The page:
Colleagues working in FE and HE education should now be aware of the new web accessibility legislation, grandly titled the Public Sector Bodies (Websites and Mobile Applications) (No. 2) Accessibility Regulations 2018, which came into force back in September 2018.
This legislation applies to all publicly-funded higher and further education institutions, requiring our websites and mobile applications to meet specific accessibility standards, as well as the publication of an accessibility statement by 23 September 2019. For existing websites (published before 23 September 2018) the deadline is 23 September 2020.
The aim of the legislation is to ensure that the content we make available online can be used by as many people as possible, including those with an impairment or disability.
At Leeds Beckett University we currently have 3,560 students registered with Disability Advice, and implementing the new legislation builds on the excellent work already taking place within the Library in regards to accessibility and inclusivity.
An overarching accessibility statement has been published on the Library website: https://libguides.leedsbeckett.ac.uk/about_us/accessibility_statement
This lists our platforms with links to relevant accessibility information for each one where available, along with any additional notes. It summarises some key overall accessibility strengths and areas for improvement within our systems, as well as covering other significant elements required in an accessibility statement, including a roadmap for improving accessibility. This statement will be reviewed and updated regularly.
In the background we are undertaking a detailed assessment of the accessibility of our systems and services to identify areas for improvement, starting with the Library website, and working with third party suppliers to obtain accessibility information about systems they provide.
We have been updating our ‘Preferred licensing template’ which provides suppliers with a set of functions and attributes which we consider either essential or desirable when purchasing any new journal or database to ensure that accessibility is included as part of the procurement process.
We also work directly with providers to ensure that Library resources are accessible and we’re currently arranging for students who use screen readers to give feedback to Emerald, one of the Library’s database providers.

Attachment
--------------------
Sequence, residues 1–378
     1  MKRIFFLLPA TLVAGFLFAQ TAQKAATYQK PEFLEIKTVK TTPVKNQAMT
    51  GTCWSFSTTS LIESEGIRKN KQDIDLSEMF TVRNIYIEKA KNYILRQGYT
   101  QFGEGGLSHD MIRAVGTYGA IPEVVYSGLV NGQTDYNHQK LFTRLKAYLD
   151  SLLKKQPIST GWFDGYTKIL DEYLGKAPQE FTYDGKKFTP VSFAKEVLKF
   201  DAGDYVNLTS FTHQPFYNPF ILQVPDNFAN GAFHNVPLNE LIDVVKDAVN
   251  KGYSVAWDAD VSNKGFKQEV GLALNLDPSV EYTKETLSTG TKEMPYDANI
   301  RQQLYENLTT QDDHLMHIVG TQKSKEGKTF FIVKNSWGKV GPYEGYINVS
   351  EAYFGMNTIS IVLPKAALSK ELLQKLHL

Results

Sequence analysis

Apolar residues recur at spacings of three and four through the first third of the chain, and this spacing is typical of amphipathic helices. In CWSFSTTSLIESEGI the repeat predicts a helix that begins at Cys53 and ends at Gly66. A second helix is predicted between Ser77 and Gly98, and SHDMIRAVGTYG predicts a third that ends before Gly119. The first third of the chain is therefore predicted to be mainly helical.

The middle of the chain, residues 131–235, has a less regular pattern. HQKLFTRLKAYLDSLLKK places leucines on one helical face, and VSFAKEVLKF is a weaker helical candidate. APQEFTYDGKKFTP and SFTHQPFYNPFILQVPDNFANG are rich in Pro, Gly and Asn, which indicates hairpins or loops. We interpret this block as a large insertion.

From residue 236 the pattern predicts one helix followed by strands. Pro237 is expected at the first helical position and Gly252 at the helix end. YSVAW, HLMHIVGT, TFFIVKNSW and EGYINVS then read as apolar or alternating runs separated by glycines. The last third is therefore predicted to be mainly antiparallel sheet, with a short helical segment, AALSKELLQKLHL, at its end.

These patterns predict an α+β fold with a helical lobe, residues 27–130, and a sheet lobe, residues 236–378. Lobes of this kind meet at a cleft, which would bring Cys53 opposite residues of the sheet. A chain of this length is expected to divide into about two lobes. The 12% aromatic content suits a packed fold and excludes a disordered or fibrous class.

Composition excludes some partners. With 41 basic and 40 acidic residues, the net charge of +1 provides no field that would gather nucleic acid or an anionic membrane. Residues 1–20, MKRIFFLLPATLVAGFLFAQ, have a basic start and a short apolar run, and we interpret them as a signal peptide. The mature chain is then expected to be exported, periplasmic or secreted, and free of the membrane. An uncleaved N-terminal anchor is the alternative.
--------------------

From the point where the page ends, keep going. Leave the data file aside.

Leeds Beckett Library contributed to the 2018 ASPIRE audit of accessibility statements produced by eBook providers, and we were a lead partner on the award winning 2016 national eBook accessibility audit, through which we assessed the accessibility of eBooks from various providers and made recommendations for improvements. You can read more about the ASPIRE project in this article, featuring Susan Smith, Library Learning Support Officer for Disability and Dyslexia, along with a Leeds Beckett student. Susan also recently appeared on BBC Radio 4’s ‘In Touch’ programme discussing the importance of accessible eBooks. https://www.bbc.co.uk/programmes/m0009zd1
A key element of the Library's work is liaising with students to better understand and meet their needs. In 2018 we reviewed our Alternative Formats service, which provides reading list items in an accessible format for students with a print impairment.
As a result of this, a new system for sharing alternative formats resources with eligible students was introduced at the start of the 2019/20 academic year. Resources are now shared using Talis Aspire reading lists - links to accessible resources are added to an Alternative Formats reading list for each module that a registered student is studying. This enables the students using the service to access all their resources from one place, using the same system as their peers. During semester one there were 61 students registered to use the service, and 154 Alternative Formats Talis reading lists were shared. In the video “The Alternative Formats Service at Leeds Beckett University Library: A Student Perspective”, Jim, a student who is currently using the service, talks about how it has supported him with his academic studies.
Figures from the Higher Education Statistics Authority (HESA) reported in January 2019 show that in 2017/18 there were 26,100 more new students with a disability at English universities than in 2013/14, an increase of 38% per cent. This uptake is encouraging, and it is therefore appropriate that we continuously consider how we support those students and enable them to reach their potential.
About the Author
Rachel Thornton is the Copyright Clearance Officer in Libraries and Learning Innovation (LLI) at Leeds Beckett University. As well as advising on copyright, she manages the Digitisation Service and supports the Alternative Formats Service.